White had to sit out from some of the pre-UFC 139 media responsibilities because he was just so worn down after the stress of the first FOX show, which is understandable. But after this emotionally-draining night in San Jose, the UFC is back in Vegas in two weeks, then Toronto the week after that, then Vegas again for the end of the year. In 2012, with the FOX deal starting up and 'The Ultimate Fighter' going live, things really get insane.

"The schedule is looking ugly, man. Especially for me," White admitted. "There's 26 weeks alone of live television. 26 weeks of live television, every Friday night ends in a live fight, then I have to jump on a plane and fly to wherever we are on Saturday, then start all over again on Monday."

That's a travel schedule that even pro wrestlers and Rolling Stones roadies would wince at, and it already appears to be taking a toll on White. What will become of the organization if he runs himself into the ground? He doesn't sound too worried about it.

"This is McDonald's, man," he said. "This thing goes on forever without me. Is it different without me? Yeah maybe it's a little different without me, but they don't need me, man."

- I'm not sure how the UFC so consistently manages to position press row so near to each arena's foremost striking expert, but it does. This time, media members were treated to several hours worth of one ticket-holding genius shouting for the "2-4" combination. He must have thought it was a flawless attack, since he offered the same advice to nearly every fighter, from Nick Pace to Wanderlei Silva to Dan Henderson. None of them listened to him, of course, but that didn't dampen his enthusiasm any. A note to those of you who plan on attending a live event: it's not a damn Lynyrd Skynyrd concert, people. The fighters are not taking your requests, no matter how loudly you shout the MMA equivalent of 'play Free Bird!' at them.

- Anybody complaining about an early stoppage in the Cung Le-Silva fight obviously didn't see Le's face as he made his way to the locker room. Remember how badly his nose was smashed at the end of his first bout with Scott Smith? It was a lot like that, only with more assorted lumps about the rest of his face to accompany it. You could tell by the way he lunged for that desperate takedown attempt: Le was done. Even if he could have gone on a few more seconds, better to stop it just a tad too soon than to let it go on a punch too far.

- Urijah Faber is more willing than ever to be Dominick Cruz's bantamweight nemesis.
Before their rematch, he was somewhat reluctant to assume that mantle. Now that he's had some time to stew on that decision loss, however, he's all about the rivalry. Not only did he call out Cruz in his post-fight remarks, telling him to "throw some gel in that widow's peak," but he later insisted that Cruz's narrow win didn't prove him to be the better fighter, hence the need for a rubber match.

"We'll find out who's the man for the rest of our lives," Faber said. "That's important to me."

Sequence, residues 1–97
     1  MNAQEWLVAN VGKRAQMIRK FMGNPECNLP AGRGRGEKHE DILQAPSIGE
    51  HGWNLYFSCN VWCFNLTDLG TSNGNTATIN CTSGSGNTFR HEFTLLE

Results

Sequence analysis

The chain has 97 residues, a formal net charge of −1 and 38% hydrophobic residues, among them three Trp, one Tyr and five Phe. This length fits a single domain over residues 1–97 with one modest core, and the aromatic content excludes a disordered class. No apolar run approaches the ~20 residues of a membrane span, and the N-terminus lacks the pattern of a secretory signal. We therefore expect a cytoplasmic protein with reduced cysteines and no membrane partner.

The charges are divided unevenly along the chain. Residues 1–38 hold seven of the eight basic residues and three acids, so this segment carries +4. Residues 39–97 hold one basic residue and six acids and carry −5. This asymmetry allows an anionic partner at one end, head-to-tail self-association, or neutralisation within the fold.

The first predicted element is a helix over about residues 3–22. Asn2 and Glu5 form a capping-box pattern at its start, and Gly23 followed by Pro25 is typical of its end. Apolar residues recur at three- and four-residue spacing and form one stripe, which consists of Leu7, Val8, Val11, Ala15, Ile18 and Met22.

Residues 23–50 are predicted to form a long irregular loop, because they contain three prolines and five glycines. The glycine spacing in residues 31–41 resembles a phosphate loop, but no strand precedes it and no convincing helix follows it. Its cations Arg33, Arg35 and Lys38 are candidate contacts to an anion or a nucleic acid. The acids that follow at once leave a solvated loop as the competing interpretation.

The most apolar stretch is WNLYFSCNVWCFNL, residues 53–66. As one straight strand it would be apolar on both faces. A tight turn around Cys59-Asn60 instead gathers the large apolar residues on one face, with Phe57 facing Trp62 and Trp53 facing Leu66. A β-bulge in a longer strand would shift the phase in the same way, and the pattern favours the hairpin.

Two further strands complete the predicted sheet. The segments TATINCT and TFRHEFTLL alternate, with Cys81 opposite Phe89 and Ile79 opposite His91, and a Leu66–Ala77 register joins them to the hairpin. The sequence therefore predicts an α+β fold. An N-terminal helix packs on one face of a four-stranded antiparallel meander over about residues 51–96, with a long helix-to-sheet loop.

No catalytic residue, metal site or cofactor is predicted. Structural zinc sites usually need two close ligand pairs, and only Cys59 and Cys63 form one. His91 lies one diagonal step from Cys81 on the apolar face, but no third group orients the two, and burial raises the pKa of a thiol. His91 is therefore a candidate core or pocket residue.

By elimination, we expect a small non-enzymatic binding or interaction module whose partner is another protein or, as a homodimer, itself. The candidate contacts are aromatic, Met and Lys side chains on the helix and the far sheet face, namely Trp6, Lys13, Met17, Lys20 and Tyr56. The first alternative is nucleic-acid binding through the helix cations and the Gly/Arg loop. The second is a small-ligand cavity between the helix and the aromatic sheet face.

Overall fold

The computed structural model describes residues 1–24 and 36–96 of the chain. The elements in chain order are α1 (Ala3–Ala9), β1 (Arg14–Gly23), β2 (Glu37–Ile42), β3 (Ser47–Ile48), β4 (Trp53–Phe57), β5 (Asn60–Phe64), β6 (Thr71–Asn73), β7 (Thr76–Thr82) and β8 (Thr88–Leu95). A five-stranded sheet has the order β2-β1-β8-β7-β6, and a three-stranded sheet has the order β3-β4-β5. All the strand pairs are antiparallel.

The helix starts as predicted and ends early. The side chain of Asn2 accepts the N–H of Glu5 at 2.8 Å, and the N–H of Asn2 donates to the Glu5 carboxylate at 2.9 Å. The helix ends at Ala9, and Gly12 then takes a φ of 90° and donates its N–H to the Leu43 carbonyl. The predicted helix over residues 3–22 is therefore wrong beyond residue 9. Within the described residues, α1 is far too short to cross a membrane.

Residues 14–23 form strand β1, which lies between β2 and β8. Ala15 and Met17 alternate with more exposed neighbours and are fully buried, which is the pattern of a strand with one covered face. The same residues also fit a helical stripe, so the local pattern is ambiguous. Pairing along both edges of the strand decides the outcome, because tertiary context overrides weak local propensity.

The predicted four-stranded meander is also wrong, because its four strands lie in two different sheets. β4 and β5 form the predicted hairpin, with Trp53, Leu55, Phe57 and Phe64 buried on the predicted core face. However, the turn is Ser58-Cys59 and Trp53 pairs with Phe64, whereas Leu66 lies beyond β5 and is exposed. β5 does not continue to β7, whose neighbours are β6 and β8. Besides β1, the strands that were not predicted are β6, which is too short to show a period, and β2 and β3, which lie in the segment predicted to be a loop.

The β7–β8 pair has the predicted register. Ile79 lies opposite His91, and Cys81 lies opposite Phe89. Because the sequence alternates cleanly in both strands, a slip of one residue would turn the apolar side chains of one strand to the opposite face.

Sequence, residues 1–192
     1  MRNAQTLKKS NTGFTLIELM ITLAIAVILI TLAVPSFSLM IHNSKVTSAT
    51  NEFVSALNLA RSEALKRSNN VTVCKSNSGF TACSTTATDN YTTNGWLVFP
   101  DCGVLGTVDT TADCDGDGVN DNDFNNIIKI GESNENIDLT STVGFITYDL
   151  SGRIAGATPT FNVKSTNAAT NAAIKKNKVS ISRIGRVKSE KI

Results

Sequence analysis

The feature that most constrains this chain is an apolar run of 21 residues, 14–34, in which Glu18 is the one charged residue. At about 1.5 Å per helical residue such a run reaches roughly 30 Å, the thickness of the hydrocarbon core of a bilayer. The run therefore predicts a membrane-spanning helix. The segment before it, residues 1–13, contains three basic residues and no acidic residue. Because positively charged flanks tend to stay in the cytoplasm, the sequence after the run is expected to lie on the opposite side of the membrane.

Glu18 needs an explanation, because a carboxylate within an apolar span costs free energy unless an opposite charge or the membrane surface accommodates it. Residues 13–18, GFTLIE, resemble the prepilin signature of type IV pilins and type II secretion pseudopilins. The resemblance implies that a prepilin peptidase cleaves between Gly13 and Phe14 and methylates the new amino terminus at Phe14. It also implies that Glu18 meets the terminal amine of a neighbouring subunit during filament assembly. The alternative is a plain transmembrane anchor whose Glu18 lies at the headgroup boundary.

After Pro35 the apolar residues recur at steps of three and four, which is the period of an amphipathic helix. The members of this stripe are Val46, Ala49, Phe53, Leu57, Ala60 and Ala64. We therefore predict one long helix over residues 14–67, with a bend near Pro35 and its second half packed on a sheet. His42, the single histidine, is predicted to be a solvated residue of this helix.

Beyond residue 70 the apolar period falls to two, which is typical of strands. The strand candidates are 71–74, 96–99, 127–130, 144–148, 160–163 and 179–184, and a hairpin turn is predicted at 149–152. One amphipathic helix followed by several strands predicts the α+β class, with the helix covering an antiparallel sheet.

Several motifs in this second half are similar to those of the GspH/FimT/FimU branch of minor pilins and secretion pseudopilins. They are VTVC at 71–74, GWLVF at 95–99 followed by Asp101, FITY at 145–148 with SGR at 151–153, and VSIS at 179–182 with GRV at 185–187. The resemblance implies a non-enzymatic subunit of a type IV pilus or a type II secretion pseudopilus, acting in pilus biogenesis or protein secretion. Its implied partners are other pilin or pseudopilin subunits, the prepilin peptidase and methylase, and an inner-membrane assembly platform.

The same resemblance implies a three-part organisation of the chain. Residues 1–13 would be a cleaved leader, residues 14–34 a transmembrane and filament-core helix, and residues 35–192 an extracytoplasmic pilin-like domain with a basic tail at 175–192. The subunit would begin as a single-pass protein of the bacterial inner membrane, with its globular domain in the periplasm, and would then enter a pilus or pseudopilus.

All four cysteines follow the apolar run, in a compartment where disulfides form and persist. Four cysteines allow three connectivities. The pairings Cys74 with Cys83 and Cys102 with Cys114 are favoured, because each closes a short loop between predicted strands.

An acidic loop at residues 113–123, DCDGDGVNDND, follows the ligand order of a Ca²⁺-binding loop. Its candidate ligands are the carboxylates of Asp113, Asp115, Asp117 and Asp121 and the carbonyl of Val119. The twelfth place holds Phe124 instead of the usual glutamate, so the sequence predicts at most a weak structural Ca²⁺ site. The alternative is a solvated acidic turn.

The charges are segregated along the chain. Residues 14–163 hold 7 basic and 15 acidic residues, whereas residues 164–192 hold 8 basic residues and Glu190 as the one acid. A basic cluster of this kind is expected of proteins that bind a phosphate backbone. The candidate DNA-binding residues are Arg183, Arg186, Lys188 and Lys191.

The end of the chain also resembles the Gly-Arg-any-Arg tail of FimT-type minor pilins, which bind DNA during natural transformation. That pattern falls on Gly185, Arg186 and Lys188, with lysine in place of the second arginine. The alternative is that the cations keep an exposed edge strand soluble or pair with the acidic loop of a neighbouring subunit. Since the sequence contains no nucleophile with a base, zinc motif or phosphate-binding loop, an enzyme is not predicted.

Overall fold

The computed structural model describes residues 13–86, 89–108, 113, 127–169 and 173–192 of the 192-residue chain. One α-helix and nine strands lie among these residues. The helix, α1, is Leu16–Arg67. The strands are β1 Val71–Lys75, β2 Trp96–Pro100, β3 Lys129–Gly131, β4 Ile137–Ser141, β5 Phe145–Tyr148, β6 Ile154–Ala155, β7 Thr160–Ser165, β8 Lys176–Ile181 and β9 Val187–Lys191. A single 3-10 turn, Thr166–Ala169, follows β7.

No kidding.

- Ronda Rousey got the UFC president's attention with her grisly armbar win at Strikeforce: Challengers.
White actually referenced the nasty ending to that fight when lambasting the referee in the Chris Weidman-Tom Lawlor fight for being slow to step in. Weidman claimed he didn't blame the ref for not believing him that Lawlor had been choked unconscious since "I could be trying to get a cheap victory with that," for all the ref knew. White disagreed:

"I blame him. I do. You're referee. You should know when somebody's out. Get your ass in there and stop the fight. Same thing with the armbar last night in Las Vegas. ...I blame him. 100 percent."

Okay, so he didn't call out Rousey by name, but we all know who he's talking about. Just getting him to admit to watching a women's MMA fight is a step in the right direction, even if he later insisted that his general feeling on the lack of depth in the women's division is a deal-breaker for him. Baby steps.

- UFC headed to Sao Paulo in June? Magic Eight Ball says, 'Outlook good.' I was reluctant to believe White's claim that Brazil is "our new Canada," but the regular presence of Brazilian media members at UFC fights lately makes me think otherwise. One Brazilian reporter quizzed White about a newspaper report that the organization was headed for Sao Paulo in June -- a question that clearly caught White off-guard.

"How's this stuff get out?" he said, before changing gears and trying to play it coy, yet gleefully unsubtle. "I don't know if we're going to Sao Paulo in June, and if Anderson Silva's headlining the card. No clue. That would be awesome, though."

- Unsolicited travel tip:
When you realize that you didn't pack enough underwear for your excessively long road trip spanning back-to-back MMA events, think twice about trying to wash a pair in your hotel room's bathroom sink. It takes longer to dry than you'd think, and attempting to wear them while still even a little bit damp will be a decision you immediately regret.